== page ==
Ted Dykstra plays Johann Sebastian Bach, working at the court of Duke Wilhelm Ernst of Sachsen-Weimer. Before we even see Bach he is painted as a terrible monster and we were all ready for it. We were pleasantly surprised when Dykstra appears. He is young and handsome (and does not wear that wig all the time!) and soon not only charms the little boy who helps him escape the Duke's clutches but also charmed us.
As soon as the film finished Rebecca asked me, "Do you have any of his music?" I immediately put on one of the featured pieces from the film, Bach's Toccata & Fugue in d-minor for the organ. Rebecca was impressed and asked me, "Would Dracula have played that?" She then asked, "He was the composer who wrote those cello pieces we heard at the Cultch?"
I now know more than ever how important association can be to learning and appreciating music. The film helped Rebecca connect the Satchmo Suite, Bach, Pablo Casals and the next time she accompanies me to a concert she will know a bit about the composer.
And both of us, thanks to Bach's Fight For Freedom will see the composer who loved life, loved his family (a picnic scene helped us understand this) with new eyes. The wood cut and the other pictures circulating of Bach don't help us appreciate him. But it is all not fun and games. Leonard Bernstein in my little music bible The Joy Of Music writes of Bach:
...For Bach, all music was religion; writing it was an act of faith; and performing it was an act of worship. Every note was dedicated to God and to nothing else. And this was true of all his music, no matter how secular its purpose. The six Brandenburg Concertos for orchestra were technically dedicated to the Margrave of Brandenburg, but the notes praised God, not the Margrave. Every last cello suite or violin sonata, every prelude and fugue from The Well Tempered Clavier praises God.
This is the spine of Bach's work: simple faith. Otherwise, how could he have ever turned out all that glorious stuff to order, meeting deadlines, and carrying on so many simultaneous activities? He played the organ, directed the choir, taught school, instructed his army of children, attended board meetings, kept his eye ot for better-paying jobs. Bach was a man, after all, not a god; but he was a man of God, and his godliness informs his music from first to last.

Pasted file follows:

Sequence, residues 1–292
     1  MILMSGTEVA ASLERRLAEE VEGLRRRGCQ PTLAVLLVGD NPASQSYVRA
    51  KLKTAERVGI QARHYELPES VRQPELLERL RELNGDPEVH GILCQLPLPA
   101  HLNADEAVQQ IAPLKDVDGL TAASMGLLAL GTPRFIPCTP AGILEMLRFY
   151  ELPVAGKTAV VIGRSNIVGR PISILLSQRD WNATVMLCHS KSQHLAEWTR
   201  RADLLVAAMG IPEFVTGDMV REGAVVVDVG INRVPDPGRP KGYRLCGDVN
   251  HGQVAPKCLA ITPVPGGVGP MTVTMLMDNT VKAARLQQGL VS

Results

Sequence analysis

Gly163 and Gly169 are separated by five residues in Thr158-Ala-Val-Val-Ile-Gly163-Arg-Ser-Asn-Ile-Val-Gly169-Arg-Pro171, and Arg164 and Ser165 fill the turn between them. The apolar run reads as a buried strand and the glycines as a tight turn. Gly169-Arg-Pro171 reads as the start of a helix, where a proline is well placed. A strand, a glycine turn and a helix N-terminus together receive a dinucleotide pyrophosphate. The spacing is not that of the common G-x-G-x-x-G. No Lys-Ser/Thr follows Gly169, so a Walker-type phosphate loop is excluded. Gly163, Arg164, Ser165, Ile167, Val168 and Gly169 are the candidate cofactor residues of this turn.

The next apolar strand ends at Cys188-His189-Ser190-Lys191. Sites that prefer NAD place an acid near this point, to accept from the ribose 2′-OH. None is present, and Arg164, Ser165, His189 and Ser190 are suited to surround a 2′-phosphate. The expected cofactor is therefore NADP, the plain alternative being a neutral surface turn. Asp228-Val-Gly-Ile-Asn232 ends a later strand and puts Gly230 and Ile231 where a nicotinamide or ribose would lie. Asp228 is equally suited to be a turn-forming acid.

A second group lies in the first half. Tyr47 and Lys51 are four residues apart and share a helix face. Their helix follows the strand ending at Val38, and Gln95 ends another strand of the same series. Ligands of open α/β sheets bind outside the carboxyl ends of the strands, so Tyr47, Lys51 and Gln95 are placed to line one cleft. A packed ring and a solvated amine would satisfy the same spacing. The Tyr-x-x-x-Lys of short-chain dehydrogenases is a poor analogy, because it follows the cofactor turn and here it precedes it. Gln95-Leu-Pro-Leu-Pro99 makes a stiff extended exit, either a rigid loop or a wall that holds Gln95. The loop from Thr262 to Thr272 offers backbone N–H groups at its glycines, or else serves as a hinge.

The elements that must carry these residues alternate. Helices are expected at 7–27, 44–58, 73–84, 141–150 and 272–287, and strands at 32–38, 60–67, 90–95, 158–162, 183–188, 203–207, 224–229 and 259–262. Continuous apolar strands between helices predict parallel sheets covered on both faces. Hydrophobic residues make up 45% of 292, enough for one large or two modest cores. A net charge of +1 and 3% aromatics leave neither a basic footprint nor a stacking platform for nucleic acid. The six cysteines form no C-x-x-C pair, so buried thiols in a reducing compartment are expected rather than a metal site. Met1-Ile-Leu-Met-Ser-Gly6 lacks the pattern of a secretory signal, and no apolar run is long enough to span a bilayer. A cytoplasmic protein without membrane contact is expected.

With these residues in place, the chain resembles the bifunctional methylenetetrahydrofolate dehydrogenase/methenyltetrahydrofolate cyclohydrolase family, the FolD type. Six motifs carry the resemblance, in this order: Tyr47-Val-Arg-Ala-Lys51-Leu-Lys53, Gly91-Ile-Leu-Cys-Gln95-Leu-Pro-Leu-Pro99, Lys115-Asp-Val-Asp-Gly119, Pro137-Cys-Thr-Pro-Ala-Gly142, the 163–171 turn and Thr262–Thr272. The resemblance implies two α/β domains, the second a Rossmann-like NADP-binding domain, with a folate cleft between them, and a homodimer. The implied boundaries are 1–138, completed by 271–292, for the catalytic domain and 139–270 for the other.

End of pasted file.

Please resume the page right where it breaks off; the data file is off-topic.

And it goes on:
My mother would have agreed with the above even if I would have not considering that I thought Bach was God! For those who may be reading this I would suggest sampling Bach in an intimate surrounding - a church. The following all-Bach concert will be performed this April 11 at St Jude Catholic church on Renfrew. A couple of the performers are Paul Luchkow and Michael Jarvis. And there is Glenys Webster and Nan Mackie.
For many years even though the first ever version of the Brandenburg Concertos that I ever heard were some early long playing recordings by the Dutch Royal Concertgebouw Orchestra, my favourite has been a 60s recording, Pablo Casals - Marlboro Festival Orchestra - Bach Brandenburg Concertos. This recording directed by Casals is lively and spirited and it has a version of the No 2 Brandenburg played in quick time (the trumpet player must have clamoured for oxygen) as if there were no tomorrow. But the No 5 in D Major which features the flute, violin and keyboard is played, (alas!) with a piano. To be able to listen to Michael Jarvis on his harpsichord with a small orchestra in a church should be sublime.